There’s a quote from Robert A. Heinlein that has been bouncing around in my head for years as the basis of a story that I have to tell.

Political tags–such as royalist, communist, democrat, populist, fascist, liberal, conservative, and. so forth–are never basic criteria. The human race divides politically into those who want people to be controlled and those who have no such desire. The former are idealists acting from highest motives for the greatest good of the greatest number. The latter are surly curmudgeons, suspicious and lacking in altruism. But they are more comfortable neighbors than the other sort. — Robert A. Heinlein Time Enough for Love

That is a conflict I very much want to dramatize. It is a conflict very close to my heart. Everyone who knows me knows that I am very conservative. So I like the idea of revealing that conflict for what it truly is, rather than what the media would have you believe.

Every four years the country gets really dialed in politically and they buy into this idea that it’s Republicans versus Democrats when the truth is it’s the people who want to control us versus the people who want every human being to be free to pursue their life’s work in their own way. Democrats and a lot of Republicans fall into the first category. Republicans don’t want to slow the growth of government they simply want to change who controls it. That’s how you get Donald Trump as a nominee for the Republican Party…

And I seriously just hit my hour mark! Not. Even. Kidding.

What I Want to Achieve Thursday, September 15, 2016

I want to continue fleshing out this idea of a series to write about. Tomorrow I just want to keep exploring. I think on Saturday is when I want to focus in and start trying to find the individual elements of the story idea.

Teaching Myself to Write Fiction

A simple idea

What I want to do is spend the next 365 days of improving my life. I’ve been binging the Publishing Profits Podcast recently and it occurred to me that the greatest predictor of success in life is consistency. It was pointed out a couple of times that is the only difference between someone who succeeds of what you want and someone who fails. So I want to spend an hour a day on one Definite Chief Aim.

My definite chief aim is to complete a novel length work of fiction (50,000 words or more.)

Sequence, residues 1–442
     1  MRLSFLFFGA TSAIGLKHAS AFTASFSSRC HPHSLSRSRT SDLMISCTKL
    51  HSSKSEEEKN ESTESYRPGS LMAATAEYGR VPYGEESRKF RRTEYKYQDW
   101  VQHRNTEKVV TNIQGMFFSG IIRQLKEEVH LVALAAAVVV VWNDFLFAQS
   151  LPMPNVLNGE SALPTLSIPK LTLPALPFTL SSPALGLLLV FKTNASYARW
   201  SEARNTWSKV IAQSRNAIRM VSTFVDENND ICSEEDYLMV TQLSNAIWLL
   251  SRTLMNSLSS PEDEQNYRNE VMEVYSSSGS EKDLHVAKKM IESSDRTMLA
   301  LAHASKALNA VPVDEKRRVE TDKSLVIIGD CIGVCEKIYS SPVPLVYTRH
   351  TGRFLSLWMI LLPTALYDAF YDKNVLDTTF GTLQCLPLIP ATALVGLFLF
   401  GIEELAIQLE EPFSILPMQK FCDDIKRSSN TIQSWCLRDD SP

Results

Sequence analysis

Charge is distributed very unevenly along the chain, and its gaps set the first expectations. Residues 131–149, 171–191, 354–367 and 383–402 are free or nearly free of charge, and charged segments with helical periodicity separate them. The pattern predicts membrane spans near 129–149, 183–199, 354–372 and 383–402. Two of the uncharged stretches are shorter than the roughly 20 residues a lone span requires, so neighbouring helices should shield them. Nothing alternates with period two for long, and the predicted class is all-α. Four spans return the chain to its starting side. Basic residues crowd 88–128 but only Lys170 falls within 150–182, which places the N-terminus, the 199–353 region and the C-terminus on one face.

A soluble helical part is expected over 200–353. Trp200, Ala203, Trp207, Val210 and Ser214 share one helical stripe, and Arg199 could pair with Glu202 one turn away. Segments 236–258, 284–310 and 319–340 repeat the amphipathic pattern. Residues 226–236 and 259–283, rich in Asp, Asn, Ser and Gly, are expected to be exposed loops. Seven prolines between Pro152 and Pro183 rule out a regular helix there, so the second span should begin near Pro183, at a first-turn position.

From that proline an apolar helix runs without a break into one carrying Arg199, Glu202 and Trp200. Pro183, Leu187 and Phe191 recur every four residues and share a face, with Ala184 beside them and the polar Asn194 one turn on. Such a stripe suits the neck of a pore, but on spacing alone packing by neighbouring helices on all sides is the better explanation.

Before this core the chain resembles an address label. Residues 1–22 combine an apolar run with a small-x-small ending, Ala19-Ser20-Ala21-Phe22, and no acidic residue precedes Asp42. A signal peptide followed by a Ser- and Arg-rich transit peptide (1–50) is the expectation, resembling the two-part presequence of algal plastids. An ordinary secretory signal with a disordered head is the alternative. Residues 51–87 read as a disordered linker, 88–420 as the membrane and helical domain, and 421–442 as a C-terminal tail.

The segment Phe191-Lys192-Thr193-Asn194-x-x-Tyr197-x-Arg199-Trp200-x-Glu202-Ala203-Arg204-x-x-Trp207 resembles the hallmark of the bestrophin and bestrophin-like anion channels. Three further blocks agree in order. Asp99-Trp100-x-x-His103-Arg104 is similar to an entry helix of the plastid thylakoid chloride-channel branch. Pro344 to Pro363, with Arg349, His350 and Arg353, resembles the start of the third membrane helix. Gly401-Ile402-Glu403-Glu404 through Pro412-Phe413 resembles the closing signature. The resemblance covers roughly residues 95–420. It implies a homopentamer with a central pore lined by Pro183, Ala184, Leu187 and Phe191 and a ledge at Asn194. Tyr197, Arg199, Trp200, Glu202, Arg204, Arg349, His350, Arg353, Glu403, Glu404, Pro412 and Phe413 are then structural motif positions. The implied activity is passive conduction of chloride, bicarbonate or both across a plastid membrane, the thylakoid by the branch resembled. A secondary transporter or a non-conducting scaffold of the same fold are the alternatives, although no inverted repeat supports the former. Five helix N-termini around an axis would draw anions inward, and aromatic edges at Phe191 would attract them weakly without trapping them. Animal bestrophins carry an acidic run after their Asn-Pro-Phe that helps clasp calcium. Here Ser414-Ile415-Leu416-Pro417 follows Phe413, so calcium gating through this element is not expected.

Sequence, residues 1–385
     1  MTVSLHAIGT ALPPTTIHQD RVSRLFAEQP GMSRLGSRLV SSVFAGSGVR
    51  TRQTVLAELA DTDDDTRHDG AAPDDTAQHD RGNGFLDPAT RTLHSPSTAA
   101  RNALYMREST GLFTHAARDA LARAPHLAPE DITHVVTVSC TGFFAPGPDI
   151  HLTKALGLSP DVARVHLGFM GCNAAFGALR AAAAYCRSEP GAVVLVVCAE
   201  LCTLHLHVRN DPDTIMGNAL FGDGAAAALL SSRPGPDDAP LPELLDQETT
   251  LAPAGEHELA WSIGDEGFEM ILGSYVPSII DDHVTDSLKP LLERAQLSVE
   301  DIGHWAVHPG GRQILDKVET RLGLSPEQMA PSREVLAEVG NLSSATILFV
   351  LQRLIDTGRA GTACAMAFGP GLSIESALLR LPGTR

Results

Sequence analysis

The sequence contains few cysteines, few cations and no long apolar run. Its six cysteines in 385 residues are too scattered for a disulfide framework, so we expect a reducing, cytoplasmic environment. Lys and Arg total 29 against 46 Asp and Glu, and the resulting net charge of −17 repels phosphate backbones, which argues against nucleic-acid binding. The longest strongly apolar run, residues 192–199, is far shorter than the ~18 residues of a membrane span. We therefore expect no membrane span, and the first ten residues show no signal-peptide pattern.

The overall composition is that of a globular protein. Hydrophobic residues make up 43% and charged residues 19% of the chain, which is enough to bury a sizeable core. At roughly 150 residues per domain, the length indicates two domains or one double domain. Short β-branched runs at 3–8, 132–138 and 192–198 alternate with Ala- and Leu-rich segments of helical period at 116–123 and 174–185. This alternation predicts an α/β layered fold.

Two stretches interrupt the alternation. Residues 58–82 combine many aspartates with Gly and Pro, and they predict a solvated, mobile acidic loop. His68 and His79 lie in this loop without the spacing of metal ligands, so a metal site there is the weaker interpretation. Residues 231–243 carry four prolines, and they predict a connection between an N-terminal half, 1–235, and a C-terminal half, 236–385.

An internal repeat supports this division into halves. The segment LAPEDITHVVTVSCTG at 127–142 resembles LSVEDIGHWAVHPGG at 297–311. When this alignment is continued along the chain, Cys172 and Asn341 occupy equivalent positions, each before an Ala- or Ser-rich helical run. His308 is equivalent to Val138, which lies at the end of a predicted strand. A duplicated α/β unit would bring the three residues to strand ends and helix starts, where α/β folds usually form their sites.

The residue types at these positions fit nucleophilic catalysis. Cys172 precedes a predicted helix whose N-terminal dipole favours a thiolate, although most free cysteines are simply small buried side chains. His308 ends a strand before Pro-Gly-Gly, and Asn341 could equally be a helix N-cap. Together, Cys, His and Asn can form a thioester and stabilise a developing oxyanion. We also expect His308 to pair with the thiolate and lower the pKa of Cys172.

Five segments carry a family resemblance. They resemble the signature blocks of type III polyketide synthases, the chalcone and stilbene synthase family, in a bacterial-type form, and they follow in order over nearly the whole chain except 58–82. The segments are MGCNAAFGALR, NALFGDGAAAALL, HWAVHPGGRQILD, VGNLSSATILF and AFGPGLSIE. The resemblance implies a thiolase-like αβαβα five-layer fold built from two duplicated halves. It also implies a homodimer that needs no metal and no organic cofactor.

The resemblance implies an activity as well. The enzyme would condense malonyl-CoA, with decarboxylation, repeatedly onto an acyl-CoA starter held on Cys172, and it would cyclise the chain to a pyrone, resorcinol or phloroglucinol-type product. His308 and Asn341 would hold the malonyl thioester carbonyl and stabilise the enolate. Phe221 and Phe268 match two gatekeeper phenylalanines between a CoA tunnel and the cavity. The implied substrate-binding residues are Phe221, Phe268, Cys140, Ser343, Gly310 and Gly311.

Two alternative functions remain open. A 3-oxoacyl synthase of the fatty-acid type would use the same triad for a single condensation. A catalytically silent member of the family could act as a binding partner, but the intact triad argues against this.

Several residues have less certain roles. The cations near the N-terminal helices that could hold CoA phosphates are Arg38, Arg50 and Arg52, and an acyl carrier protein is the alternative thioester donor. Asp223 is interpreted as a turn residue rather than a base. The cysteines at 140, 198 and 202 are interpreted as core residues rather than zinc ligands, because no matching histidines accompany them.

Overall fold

I’m not giving myself a deadline on it. Whenever I put a time deadline on things they never get done. Instead I’m going to focus on spending an hour a day moving towards the goal of finishing a novel length work.

I decided to blog about it at the same time because I’ve bought a lot of info products. (I mean A LOT!) And all of them were useful to me in some way. But they were always taught by this guy who knew what he was doing because he was already massively successful. There’s a lot of value in that, of course. The theory is that in order to teach something you’ve got to have been successful at it first. That makes a lot of sense with most things.

In my experience, writing fiction is a slightly different animal. Sure, there are a lot of people out there who will try to teach you how to write fiction, and there’s a lot that can be learned from those people.

The problem is that every author who sits down to write has a slightly different instrument to work with. We have different strengths and weaknesses. Some of us are really good at describing scenes. Others are really good at writing authentic dialogue. Some are really good at writing action scenes, while others excel at showing us the internal life of the character.

I haven’t finished the story since 2006. So I’m writing this blog to teach myself what kind of writer I am. My hope is that in following my journey other aspiring writers will be able to follow my footsteps by seeing a journey from its very beginning through to a completed work.

The first thing I’m going to do is map out a plan with tasks that I must do in order without deadlines attached.


1. I have to have fun writing this book. If at any point in the process I am not having fun writing this book I will reevaluate what I’m doing and move forward.

2. There will be no deadlines writing this book. Deadlines have never helped me in my creative endeavors all they have ever done is send me into a despair spiral what I didn’t meet them.

3. I will free write a blog post about these 200 words every day detailing my progress for that day.

4. I will define outcomes I want to achieve for next day’s hour in my blog post. I will report on how much of what I wanted to get done I actually achieved.

5. If I don’t get done everything I want to for that hour I will simply start from where I left off tomorrow.

What I Want to Achieve Tomorrow Thursday, September 15, 2016

I want to brainstorm story ideas to figure out what novel I’m going to write. For this exercise I’m not going to allow myself to write any idea that I’ve had in the last two years.

That means no Wheelchair Doppelgänger.
No King Arthur Space Opera.
No Scandal Meets Cyberpunk.
No Series of Love Disasters.
No thinly veiled autobiography.
No criminals escaping into alternate universes.

I may write those books later. But I want to start fresh so that anyone who reads this in years to come can see how I came up with the idea and developed it.


See you tomorrow 🙂

StoryShop: The App Created By Writers For Writers

Limitless (The 2011 movie that inspired the TV show) is one of my favorite movies. I’m sure you can guess why. The protagonist Eddie Mora starts out as a struggling writer who doesn’t know what to write. We’ve all been there at one time or another. We’ve all wondered what comes next, and felt some variation of stupid and incompetent because writing is what we’re supposed to do.